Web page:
It’s not the most common first letter for an animal name, but there are plenty of different animals starting with the letter U. From birds to frogs to squirrels, in this article we’ll look at 14 North American animals that all have names that start with the letter U.
14 animals that start with u
Animals starting with U do exist and you may be surprised at how many can be found in North America. Let’s see how many of these animals you already know!
1. Utah prairie dog
Scientific name: Cynomys parvidens
Utah prairie dogs are native to southwestern Utah, including the West Desert and Awapa Plateau. They live on valley floors at elevations of 5,400 feet to mountain habitats up to 9,500 feet.
Despite their name, they aren’t dogs but ground-dwelling rodents in the squirrel family. They live in tight-knit communities in their complex tunnels that connect to large underground “rooms.”
2. Uinta ground squirrel
Scientific name: Spermophilus armatus
Uinta ground squirrels were first found in the Uinta Mountains and live in southwestern Montana, Wyoming, eastern Idaho, and central and northern Utah. Although they look similar to prairie dogs, ground squirrels are different animals.
They build burrows in orchards, yards, and around building patios, fences, and decks. However, when needed, they can also climb trees.
3. Uinta chipmunk
Scientific name: Neotamias umbrinus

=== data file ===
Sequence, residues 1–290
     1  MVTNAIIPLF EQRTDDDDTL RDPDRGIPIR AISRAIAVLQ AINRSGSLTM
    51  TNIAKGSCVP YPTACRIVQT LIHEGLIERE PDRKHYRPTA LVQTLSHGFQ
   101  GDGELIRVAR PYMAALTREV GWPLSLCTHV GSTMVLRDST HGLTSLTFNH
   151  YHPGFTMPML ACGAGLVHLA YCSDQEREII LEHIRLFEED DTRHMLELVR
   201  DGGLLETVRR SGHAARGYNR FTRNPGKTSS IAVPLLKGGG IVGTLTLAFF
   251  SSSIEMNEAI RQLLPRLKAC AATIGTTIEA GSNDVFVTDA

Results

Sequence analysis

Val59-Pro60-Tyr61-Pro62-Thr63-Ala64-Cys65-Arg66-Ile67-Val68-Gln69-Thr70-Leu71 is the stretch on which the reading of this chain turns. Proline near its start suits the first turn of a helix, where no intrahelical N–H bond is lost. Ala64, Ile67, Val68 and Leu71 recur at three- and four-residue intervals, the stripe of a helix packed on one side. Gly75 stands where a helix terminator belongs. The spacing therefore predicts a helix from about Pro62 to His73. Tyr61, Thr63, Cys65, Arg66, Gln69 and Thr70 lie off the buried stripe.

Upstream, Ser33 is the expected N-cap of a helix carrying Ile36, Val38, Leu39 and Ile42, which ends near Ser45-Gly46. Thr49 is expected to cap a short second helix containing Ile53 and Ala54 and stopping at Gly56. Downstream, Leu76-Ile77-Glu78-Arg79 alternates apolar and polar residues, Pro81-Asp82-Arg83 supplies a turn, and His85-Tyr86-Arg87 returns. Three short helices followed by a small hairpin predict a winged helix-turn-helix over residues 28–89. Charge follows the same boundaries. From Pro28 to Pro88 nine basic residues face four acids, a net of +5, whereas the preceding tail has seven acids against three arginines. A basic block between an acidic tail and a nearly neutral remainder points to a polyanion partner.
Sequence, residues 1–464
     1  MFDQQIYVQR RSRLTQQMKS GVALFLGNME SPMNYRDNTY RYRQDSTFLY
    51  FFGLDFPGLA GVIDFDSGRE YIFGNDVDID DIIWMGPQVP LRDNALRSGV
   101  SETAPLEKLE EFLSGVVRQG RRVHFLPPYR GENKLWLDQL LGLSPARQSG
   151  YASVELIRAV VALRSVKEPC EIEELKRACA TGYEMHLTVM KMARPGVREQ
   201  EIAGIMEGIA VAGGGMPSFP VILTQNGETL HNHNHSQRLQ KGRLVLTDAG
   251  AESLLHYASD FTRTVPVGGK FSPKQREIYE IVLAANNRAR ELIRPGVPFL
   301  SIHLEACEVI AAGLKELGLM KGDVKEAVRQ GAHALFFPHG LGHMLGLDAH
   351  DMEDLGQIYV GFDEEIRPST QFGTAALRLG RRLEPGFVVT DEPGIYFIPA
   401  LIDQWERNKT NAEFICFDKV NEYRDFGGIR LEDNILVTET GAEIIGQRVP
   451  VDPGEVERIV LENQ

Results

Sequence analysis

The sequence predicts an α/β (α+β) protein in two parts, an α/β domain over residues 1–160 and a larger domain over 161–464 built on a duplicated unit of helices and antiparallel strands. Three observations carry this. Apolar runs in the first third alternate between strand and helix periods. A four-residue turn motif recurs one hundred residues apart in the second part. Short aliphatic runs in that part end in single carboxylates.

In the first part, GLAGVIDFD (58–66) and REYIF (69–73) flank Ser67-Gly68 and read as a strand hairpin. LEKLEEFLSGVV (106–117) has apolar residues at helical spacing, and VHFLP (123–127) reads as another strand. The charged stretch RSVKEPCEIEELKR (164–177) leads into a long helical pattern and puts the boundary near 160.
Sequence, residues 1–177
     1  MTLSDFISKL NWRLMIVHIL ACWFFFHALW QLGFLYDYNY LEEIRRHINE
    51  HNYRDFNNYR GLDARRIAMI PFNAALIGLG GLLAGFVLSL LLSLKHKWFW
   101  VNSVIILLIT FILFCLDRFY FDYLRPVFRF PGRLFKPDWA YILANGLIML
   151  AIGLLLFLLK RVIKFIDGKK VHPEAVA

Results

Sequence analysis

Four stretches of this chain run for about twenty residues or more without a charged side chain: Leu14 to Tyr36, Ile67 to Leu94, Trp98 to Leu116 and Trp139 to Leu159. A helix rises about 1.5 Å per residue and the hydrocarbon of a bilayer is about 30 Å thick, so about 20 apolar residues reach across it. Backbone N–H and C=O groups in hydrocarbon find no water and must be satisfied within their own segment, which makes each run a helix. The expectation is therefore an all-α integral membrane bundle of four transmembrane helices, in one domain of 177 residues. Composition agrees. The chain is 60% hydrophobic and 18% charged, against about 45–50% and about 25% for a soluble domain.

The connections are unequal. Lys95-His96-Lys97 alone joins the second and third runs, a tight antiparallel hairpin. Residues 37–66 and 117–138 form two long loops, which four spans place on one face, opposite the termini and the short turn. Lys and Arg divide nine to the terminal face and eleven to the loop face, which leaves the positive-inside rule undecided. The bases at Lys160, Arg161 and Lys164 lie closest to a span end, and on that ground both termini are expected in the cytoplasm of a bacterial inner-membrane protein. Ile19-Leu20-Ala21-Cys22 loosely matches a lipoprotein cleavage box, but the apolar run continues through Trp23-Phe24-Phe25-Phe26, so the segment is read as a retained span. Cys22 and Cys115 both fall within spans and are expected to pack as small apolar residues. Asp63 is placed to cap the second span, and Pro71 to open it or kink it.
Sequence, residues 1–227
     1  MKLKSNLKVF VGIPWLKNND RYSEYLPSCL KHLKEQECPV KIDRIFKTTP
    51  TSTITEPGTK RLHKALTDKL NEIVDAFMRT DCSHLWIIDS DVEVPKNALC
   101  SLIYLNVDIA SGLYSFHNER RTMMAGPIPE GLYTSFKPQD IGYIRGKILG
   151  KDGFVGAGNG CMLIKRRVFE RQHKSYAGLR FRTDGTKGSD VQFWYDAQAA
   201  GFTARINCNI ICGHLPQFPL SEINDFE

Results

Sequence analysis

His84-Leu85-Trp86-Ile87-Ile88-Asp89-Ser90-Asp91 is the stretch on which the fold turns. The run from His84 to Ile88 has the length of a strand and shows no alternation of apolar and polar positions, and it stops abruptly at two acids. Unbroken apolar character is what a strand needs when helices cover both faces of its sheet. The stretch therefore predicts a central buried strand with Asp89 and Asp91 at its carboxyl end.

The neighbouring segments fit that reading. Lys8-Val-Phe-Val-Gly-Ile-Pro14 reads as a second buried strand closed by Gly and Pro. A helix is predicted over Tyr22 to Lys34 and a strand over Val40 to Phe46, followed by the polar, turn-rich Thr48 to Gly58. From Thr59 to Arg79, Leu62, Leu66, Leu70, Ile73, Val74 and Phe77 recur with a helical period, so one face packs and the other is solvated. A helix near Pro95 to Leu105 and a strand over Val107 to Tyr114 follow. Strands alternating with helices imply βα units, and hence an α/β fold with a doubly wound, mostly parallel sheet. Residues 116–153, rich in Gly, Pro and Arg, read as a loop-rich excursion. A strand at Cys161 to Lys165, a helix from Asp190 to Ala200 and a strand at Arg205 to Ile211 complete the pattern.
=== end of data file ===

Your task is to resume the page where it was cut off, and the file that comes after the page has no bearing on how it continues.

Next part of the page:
Uinta chipmunks live in mountainous and sub-alpine forests in the western U.S. states. Although they spend time mostly in trees, they can also burrow under logs, rocks, and brushes.
They are known for their ability to store acorns in their cheek pouches to later carry to their burrows. One chipmunk can collect up to 100 acorns per day!
4. Unicolored jay
Scientific name: Aphelocoma unicolor
Although they are widely distributed in Mexico and Central America, unicolored jays are rarely known. You can typically find them in wet cloud forests hunting for large insects, fruit, seeds, and small vertebrates. These birds are a uniform deep-blue and prefer spending time in the trees, rarely coming down to the ground.
5. Unalaska collared lemming
Scientific name: Dicrostonyx unalascensis
Native to tundra habitats, you can only find the Unalaska collared lemming on two Alaskan islands: Umnak and Unalaska. You can commonly see them in areas with willow shrubs or high, rocky areas.
These rodents have a pure white coat in the winter and dark gray to reddish-brown tone in the summer. They also have unique digging claws on their front toes to help them break through snow and ice.
6. Upland sandpiper
Scientific name: Bartramia longicauda
Upland sandpipers have a dove-like head, long neck, and marbled brown and black back and wings. Their breeding range is in North America, including Alaska, Montana, Oklahoma, New England, and Oregon.
They will winter in South American countries such as Argentina and Brazil. Although they are sandpipers, they prefer open grasslands over coastal habitats. Their diet includes grasshoppers, weevils, beetles, moths, spiders, snails, and ants.
7. Ulysses butterfly
Scientific name: Papilio ulysses
Found in and around Australia, the Ulysses butterfly is a species of swallowtail butterfly named after a Greek hero. They are a beautiful, brilliant blue with dark edges and wingspans around 5.5 inches. Native tropical plants they enjoy visiting, include the clusters of small pink flowers of the Corkwood Tree.